The term wabi-sabi, like the labels “natural” or “mindful,” gets a lot of use these days. In its most reductive sense, wabi-sabi is a Japanese aesthetic philosophy of imperfection. There’s an undeniable comfort to seeing a human touch on objects in a moment marked by an excess of glossy and over-designed images. But what differentiates wabi-sabi from incompletion at its mildest, or sloppy resignation at its worst?
Wabi-sabi relates to the design principle of mono no aware and the larger Buddhist framework of valuing transience, impermanence, and fallibility. Wabi-sabi can refer to simplicity, asymmetry, austerity, closeness. It’s the tap of a finger on a just-thrown bowl in order to gently disorient the perfect, centrifugal circularity of a piece. Beauty is not antithetical to wabi-sabi— pursuit of perfection is. A Greek vase or a Keats’ sonnet do not express wabi-sabi, but a tea bowl by Bernard Leach or a poem by Ezra Pound might.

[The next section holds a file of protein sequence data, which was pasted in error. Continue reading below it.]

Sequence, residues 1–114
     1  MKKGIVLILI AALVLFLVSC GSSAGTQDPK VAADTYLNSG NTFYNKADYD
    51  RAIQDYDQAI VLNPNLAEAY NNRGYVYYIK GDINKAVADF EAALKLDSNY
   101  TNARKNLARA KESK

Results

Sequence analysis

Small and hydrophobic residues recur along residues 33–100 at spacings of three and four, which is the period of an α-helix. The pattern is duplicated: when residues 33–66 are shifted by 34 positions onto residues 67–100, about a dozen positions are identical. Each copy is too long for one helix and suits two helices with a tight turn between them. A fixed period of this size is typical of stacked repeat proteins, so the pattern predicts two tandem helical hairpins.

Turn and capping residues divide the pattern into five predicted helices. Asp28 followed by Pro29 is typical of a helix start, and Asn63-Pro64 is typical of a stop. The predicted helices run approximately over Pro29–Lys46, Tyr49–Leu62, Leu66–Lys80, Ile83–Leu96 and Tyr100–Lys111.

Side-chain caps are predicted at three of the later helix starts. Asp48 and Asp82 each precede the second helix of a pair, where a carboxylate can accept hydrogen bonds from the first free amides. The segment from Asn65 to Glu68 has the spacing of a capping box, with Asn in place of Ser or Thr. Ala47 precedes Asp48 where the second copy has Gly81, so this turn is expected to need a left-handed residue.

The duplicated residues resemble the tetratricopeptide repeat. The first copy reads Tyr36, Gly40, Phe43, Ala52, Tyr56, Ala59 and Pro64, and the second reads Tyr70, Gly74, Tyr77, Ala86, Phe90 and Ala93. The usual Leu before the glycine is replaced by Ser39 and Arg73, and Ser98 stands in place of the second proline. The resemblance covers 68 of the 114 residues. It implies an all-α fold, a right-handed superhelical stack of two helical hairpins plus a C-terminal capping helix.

Haand’s interpretation of a notably difficult-to-pin-down principle— see Marcel Theroux’s 2009 BBC Four series “In Search of Wabi Sabi” for a gentle mockery of the Western anxiety to define the term— depends on the very handmade-ness of our wares. Rather than seek to produce perfect copies of our designs, Haand values the human touch that informs every part of our process. Variations in glaze, slight discrepancies in shape, and other marks of crafting create communication between the owner and the maker of a Haand piece. In handling and using a piece made by Haand, a customer can see the craft behind the piece as well as its design.